are incredibly important to me," he says. "I don't know if it's
an effort to make the landscape speak, some feeble attempt to
give it a voice, but I haven't figured out any other way to make
these films without voiceover." Which is a good thing, because
Brown's particular voice, with its quiet tone, colloquial familiarity,
and moments of sublime poetic phrasing, endow his films with their
singular power. Indeed, to say that Brown is one of America's
leading new cinematic voices is true, both literally and metaphorically.
of Inverse Technology
Formed in 1992, Bureau of Inverse Technology (BIT) is a real organization
that exists in geographic dislocation (Melbourne, San Francisco,
and Berlin). Its geography reinforces the ongoing distance-operation
of BIT's experiments and other technological diversions. BIT questions
the safety of the corporate imagination and its design upon our
Comerford is a media artist, musician and educator who resides
in Chicago. He currently teaches film production at the School
of the Art Institute of Chicago and also serves on the Board of
Directors at Chicago Filmmakers. His films have screened at festivals
and venues which include the Ann Arbor Film Festival, Thaw, Chicago
Filmmakers, Northwest Film Forum, New Nothing Cinema and in an
international pinhole photography exhibit at the Visual Studies
Workshop in Rochester, NY. In June 2002, he conducted a 26-show
film tour in the midwest, eastern and southern US with filmmaker
Bill Brown. His musical project, Kaspar Hauser, has released several
albums and is known to play out at the Empty Bottle and other
sundry places in Chicago. More music and shows coming soon.
in Kansas and later associated with the 1950s renaissance of poetry
and visual art in San Francisco, Conner first attracted public
attention with his moody nylon-shrouded assemblages--complex sculptures
of such found objects as women's stockings, costume jewelry, bicycle
wheels, and broken dolls, often combined with collaged or painted
surfaces. Erotically charged and tinged with echoes of both the
Surrealist tradition and San Francisco's Victorian past, his assemblages--such
as RATBASTARD (1958) and THE BRIDE (1960)--resonate with themes
of beauty, death, and the loss of innocence and established him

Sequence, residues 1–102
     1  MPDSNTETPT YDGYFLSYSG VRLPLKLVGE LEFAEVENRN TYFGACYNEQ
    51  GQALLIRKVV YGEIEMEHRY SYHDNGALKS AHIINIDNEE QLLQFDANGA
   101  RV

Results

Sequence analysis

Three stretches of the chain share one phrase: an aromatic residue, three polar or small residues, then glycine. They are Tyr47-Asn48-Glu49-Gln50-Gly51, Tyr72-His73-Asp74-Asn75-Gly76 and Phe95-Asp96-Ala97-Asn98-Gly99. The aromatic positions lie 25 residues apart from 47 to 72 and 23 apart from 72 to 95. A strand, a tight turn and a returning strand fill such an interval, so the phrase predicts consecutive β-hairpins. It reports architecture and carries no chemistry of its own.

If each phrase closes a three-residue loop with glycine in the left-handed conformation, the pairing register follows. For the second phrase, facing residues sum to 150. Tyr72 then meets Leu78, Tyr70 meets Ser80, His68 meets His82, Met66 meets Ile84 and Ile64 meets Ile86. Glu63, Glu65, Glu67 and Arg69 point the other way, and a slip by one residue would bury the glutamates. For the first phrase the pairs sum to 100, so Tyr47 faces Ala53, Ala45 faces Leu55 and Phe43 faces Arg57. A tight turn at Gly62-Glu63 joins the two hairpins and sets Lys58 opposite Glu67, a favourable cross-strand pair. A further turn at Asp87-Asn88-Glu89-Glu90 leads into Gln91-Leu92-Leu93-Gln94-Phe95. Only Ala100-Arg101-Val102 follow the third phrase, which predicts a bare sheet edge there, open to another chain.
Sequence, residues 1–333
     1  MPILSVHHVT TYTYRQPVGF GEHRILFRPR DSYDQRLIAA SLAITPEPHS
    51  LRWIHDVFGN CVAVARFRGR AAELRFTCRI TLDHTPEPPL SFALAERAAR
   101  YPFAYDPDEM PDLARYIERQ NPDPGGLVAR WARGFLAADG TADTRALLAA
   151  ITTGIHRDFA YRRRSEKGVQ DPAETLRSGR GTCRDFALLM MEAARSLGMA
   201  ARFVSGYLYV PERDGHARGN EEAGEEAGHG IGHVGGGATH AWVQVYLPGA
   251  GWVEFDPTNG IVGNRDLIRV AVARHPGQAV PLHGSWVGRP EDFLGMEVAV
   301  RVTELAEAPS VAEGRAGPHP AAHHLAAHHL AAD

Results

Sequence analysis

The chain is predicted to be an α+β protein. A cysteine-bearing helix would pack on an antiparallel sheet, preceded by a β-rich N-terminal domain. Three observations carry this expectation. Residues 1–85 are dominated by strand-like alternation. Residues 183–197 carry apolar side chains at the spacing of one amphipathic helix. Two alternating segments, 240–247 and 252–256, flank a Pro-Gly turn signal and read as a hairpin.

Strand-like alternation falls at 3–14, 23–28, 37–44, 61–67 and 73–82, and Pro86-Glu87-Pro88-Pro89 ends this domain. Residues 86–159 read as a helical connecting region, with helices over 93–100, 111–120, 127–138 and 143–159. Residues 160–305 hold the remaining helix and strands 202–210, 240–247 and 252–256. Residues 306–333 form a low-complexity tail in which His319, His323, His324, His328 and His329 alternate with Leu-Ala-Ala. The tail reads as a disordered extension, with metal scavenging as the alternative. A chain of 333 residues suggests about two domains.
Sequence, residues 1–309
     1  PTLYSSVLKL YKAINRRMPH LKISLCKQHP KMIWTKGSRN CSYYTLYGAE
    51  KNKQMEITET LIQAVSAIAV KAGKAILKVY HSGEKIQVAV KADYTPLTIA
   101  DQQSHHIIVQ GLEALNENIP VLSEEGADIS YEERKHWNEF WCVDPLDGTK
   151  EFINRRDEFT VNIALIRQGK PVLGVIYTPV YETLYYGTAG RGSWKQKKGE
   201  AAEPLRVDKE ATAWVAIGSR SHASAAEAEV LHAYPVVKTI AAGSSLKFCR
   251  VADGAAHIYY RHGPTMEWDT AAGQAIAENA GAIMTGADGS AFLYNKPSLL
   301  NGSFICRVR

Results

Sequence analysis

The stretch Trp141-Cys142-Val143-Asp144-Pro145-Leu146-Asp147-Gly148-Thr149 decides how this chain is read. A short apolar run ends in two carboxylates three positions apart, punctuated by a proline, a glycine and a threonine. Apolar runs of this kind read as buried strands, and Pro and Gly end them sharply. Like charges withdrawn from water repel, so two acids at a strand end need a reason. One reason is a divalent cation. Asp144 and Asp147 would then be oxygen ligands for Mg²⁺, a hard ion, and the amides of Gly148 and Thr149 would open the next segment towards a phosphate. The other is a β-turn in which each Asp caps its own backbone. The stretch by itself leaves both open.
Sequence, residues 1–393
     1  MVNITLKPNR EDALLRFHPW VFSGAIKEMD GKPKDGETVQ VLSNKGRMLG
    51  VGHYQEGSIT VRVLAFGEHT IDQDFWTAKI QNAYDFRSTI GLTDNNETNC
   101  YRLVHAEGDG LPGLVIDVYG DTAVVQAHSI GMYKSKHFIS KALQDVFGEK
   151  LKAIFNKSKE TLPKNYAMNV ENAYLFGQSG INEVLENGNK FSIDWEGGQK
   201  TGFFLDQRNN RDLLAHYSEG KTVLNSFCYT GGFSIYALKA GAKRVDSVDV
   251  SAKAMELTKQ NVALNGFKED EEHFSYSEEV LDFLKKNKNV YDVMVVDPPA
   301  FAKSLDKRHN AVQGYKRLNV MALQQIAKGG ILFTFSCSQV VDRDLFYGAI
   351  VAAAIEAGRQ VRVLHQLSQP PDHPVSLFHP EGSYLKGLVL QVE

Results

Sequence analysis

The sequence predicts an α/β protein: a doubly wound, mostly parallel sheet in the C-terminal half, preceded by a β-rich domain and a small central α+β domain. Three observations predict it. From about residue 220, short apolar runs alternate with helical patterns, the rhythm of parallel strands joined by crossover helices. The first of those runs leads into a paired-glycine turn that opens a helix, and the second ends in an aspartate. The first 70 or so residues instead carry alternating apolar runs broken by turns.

as one of the leading figures in the international assemblage
After a yearlong sojourn in Mexico, Conner returned to California
and became an active force of the 1960s San Francisco counterculture.
Included in this exhibition are examples of his intricate black-and-white
mandala drawings as well as his elaborate collages made from scraps
of 19th-century engravings, which remain icons of the period's
sensory-based spirituality. During the 1970s, Conner focused on
drawing and photography, producing the dramatic, life-sized photograms
from the ANGELS series (1973-1975) as well as intimately scaled
inkblot drawings such as DREAM TIME IN TOTEM LAND (1975). In recent
years, the artist has continued to work on a small scale, producing
collages and inkblot drawings that sustain an original sensibility
with a refreshing new perspective.
If Conner's assemblages probed beneath the turbulent 1950s and
1960s, then his films from the same period further revealed the
roots of this troubled American psyche. In 1958 he began making
short movies in a style that established him as one of the most
important figures in postwar independent filmmaking. His innovative
technique can be best seen in his first film, A MOVIE (1958),
an editing tour-de-force made entirely by piecing together scraps
of B-movie condensations, newsreels, novelty shorts, and other
pre-existing footage. His subsequent films are most often fast-paced
collages of found and new footage, and he was among the first
to use pop music for film sound tracks. Conner's films have inspired
generations of filmmakers and are now considered to be the precursors
of the music video genre.
was born and raised in New York City. She has received numerous
awards since embarking her film career in 1973, and has toured
nationally and internationally with her independent films , video
and commercial work. She became the first African American woman
to have a full-length general theatrical release, with the debut
of "Daughters of the Dust" in January 1992. Archived in New York
at the Schomberg Center for the Study of Black Culture, "Daughters
of the Dust" was named as one of the 50 most important independent
films ever made, by Filmmaker's Magazine. In 1999, the 25th Annual
Newark Black Film Festival honored Julie and her film "Daughters
of the Dust," as being one of the most important cinematic achievements
in Black Cinema in the 20th century.
Ms. Dash recently directed the 2003 NAACP Image Award winning
"The Rosa Parks Story," starring Angela Bassett who received an
Emmy nomination for her performance as Rosa Parks. This CBS Network
movie also received the Best Television Movie Prize from the 4th
Annual Family Television Awards, The New York Christopher Award
and Dash was nominated for the prestigus Director's Guild Award
for this original television movie. Ms. Dash has also directed
"Love Song" an MTV original movie starring the Grammy award winning
singer Monica, and "Incognito ", a romantic thriller made for
TV by BET Arabesque Films; and the first BET/ENCORE/StarZ3 original
feature length production, "Funny Valentines." starring Alfre
Woodard, Loretta Devine and C.C.H Pounder. She wrote and directed
an episode of "Women" for ShowTime cable TV, as well as segment
of HBO's "Subway Stories."
With her award winning website on the Internet, (www.geechee.tv)
she made her debut in New Media Technologies. She is currently
working on an interactive CD ROM/ Internet project called "Digital
Diva" for the Wexner Center for the Arts and her company Geechee
In addition, Julie has just completed her first novel for Dutton/Signett
Books, Daughter's of the Dust - a Novel, that's currently in bookstores.